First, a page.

How to handle a decreasing radius corner

Decreasing radius corners

It’s one of those heart-in-the-mouth moments when the corner suddenly tightens up and you’re running out of cornering clearance and room to complete the turn.

We’ve all had that moment which can lead to running off the road, into oncoming traffic or low-siding the bike.

How you deal with the corner really comes in three parts: avoiding being caught by surprise, positioning your bike correctly and dealing with a tightening radius.


Don’t ever get in the situation where a bend surprises you.

If you’ve ridden the road before, you should file a mental note of which turns tighten up so you are better prepared next time.

A mental note could consist of a sign on approach, an unusual tree or some other landmark.

However, if it’s a new section of road you’ve never ridden before, survey the line markings or the road edges for clues of the radius.

If the outside line or edge of the road is getting closer to the centre line or inside edge of the bend, then it is tightening.

Don’t commit your lean angle and speed to this corner until you see the road edges moving further apart again, which is the clue it is opening up again.

Some corners can be blind and you may need to look for other clues such as the brake lights of the vehicle in front, overhead lines that suddenly turn or a diminishing tree, hedge or fence line.

Decreasing radius corner
Survey all corners


If you’ve determined the radius is tightening, position your bike as wide as possible while washing off speed with brakes and downshifts.

A wide approach to the corner will make your apex further around the bend and alert you earlier to a tightening radius.

Keep looking at the end of the corner, that point where the “lines” are close together. Don’t look at the other side of the road or the bushes where you think you might end up … or you will.

Decreasing radius corners
Green is good, red bad!


Even so, you might still get caught out by long bends that tighten unexpectedly toward the end, so you may need to make some mid-corner corrections.

If you’ve been holding some throttle, don’t shut it down. Hold it neutral or slightly decrease throttle.

Don’t try downshifting, either, unless you are really smooth at matching engine and ground speeds or the rear wheel may lock up and flick you over the high side.

Instead, push a little more on the inside handlebar which is a counter-steering input that will lean your bike further. You’ll be surprised how far you can lean the bike without sliding or falling off.

You can also add a little more rear brake which will pull the bike into a steeper lean as well as slow it down.

Don’t touch the front brakes as well unless you are really smooth as it may cause a low slide or stand the bike up again which will run you wide.

Decreasing radius corner
Road edges getting closer


If you’ve overcommitted and have run out of ground clearance, you may be in a fair bit of trouble.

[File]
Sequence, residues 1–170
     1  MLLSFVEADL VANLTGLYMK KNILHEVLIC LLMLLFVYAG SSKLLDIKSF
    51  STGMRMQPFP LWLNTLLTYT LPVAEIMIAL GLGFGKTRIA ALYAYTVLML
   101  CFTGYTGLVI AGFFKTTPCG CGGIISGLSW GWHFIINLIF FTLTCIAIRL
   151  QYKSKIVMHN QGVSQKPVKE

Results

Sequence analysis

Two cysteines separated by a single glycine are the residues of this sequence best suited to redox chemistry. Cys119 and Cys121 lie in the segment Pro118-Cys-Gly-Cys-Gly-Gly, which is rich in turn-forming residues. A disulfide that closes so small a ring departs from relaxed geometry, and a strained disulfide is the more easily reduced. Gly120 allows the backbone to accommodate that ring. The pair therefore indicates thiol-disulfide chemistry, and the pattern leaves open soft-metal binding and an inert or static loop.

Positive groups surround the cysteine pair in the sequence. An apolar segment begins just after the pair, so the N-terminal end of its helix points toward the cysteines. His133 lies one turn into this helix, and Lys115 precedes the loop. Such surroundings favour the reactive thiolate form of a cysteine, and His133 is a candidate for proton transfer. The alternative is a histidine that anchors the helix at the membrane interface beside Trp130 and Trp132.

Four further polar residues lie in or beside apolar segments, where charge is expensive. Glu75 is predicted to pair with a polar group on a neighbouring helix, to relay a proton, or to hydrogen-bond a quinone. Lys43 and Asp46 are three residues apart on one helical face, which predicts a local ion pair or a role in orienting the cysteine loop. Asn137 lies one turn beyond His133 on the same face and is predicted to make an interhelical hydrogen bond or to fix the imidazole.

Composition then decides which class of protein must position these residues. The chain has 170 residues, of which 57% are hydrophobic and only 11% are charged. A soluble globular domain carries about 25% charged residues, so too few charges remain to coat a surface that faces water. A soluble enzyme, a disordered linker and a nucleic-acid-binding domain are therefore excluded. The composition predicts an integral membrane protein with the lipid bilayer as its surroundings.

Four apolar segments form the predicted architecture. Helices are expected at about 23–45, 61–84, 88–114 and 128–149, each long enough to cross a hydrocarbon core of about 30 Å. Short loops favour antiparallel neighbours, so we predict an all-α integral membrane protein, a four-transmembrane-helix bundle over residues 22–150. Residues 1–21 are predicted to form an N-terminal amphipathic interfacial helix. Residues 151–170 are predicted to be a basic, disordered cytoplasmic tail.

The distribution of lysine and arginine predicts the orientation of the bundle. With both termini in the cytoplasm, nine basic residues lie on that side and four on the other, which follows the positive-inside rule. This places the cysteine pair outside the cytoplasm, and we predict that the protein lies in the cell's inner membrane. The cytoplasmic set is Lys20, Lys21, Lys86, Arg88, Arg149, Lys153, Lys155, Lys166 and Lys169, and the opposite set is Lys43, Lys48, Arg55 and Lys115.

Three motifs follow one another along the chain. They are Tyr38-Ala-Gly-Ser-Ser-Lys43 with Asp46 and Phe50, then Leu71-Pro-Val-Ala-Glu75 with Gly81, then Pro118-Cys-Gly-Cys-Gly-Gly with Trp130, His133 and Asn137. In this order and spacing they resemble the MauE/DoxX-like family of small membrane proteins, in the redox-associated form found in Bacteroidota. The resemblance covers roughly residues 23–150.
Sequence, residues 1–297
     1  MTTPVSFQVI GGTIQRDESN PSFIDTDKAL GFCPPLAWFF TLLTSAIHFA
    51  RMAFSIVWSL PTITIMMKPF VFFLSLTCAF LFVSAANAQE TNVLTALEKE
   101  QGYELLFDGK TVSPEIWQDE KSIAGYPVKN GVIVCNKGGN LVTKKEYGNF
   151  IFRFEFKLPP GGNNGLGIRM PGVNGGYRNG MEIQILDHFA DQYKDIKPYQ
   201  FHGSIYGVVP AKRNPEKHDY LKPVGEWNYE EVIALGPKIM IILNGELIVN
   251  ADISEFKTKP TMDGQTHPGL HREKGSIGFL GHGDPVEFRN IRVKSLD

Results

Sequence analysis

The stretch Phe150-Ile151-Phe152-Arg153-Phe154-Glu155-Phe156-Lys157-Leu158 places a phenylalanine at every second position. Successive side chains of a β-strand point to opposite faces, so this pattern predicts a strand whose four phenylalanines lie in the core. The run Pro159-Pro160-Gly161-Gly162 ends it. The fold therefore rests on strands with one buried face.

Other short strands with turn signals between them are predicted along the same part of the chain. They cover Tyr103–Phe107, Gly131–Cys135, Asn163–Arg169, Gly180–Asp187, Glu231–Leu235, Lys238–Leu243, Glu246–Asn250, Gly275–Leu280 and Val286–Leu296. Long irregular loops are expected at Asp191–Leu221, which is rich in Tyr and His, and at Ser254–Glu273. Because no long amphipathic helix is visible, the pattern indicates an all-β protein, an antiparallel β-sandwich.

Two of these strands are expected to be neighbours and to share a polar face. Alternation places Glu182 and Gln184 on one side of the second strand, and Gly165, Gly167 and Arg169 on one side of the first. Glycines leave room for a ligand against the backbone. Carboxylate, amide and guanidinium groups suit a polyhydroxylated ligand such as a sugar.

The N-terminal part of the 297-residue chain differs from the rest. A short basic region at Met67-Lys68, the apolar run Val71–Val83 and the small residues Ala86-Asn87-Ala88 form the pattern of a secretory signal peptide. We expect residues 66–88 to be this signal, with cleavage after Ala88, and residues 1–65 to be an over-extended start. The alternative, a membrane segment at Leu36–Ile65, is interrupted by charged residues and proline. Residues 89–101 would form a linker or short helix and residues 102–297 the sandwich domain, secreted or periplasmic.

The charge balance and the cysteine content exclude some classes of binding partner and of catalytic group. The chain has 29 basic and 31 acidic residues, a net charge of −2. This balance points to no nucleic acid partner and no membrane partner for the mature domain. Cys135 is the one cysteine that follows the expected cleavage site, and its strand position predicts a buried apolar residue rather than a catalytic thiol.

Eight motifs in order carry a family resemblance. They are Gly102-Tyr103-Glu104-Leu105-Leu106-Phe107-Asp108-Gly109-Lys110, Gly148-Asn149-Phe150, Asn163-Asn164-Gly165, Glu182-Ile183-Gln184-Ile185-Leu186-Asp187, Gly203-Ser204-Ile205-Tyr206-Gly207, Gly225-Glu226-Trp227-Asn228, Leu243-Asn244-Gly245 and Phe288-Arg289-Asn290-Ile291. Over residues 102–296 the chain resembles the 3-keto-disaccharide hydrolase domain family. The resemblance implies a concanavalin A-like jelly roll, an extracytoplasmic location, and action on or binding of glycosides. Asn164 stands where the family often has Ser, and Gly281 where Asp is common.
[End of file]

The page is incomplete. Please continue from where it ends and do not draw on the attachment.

The only thing to do is to smoothly squeeze more front and brake to slow you down as much as possible while keeping your lean angle stable.

Keep looking at the corner exit and you just may wash off enough speed to make it around the corner. And then you can set up for the next one!

Decreasing radius corners
Set up wide for the next corner


  1. I follow the Mick Doohan method: get further off the inside and use the rear brake. The deceleration throws weight on to the front tyre tightening the line. It is surprising how much rear brake pressure the rear tyre will tolerate on the edge. It worked for Mick and it works for me.

  2. In daylight Look for tire wear on the road or worn in road line indicating heavy breaking from regular travellers on the road. On softer roads surfaces in warmer climates you’ll also see the trough worn in by regular travel.

  3. And yet the article doesn’t mention the easiest way… Lower your center of gravity. How you can do that? Easy… Drop your upper body in the corner (not just your head, only if you have a 50 kg head). Meaning that lean your upper body more then the bike.

    That will straighten the bike up a bit, so you can lean more. And there you go. Was taught at honda safety motorcycle driving courses. Works well.

    And leave your knee where it is. Close to bike. The racers only put their knee out, because that’s how they feel the max. lean angle. They don’t have footpeg scratching screws.

  4. There is also the double stab. you quickly straighten up hit the brakes hard but not too hard then let go and lean hard.
    This method is not recommended of course . The best method is not getting so overconfident that you enter an unknown corner too hot in the first place.

    1. This is the funniest and best thing I’ve read all day. Well played sir! “The Double Stab” will be forever etched in my repertoire of crazy but possibly life saving bail-out manoeuvres.

      1. Done the double stab once inadvertantly. Was leaning in a fair way on a tight bend when my right foot jagged on the ground and pulled me down. A bunch of front brake stood the bike up and left me time to lean in again to complete the turn.

    2. I’ve done that too! It does work, but you have to be quick. I’ve also had to do it approaching a roundabout when some dumbass car decides to go the whole way after a ‘mis-indication’ while I’m just about to enter the roundabout – I straighten up the bike real quick and immediately apply the brakes (only apply the brakes when you’re vertical otherwise you WILL come off).

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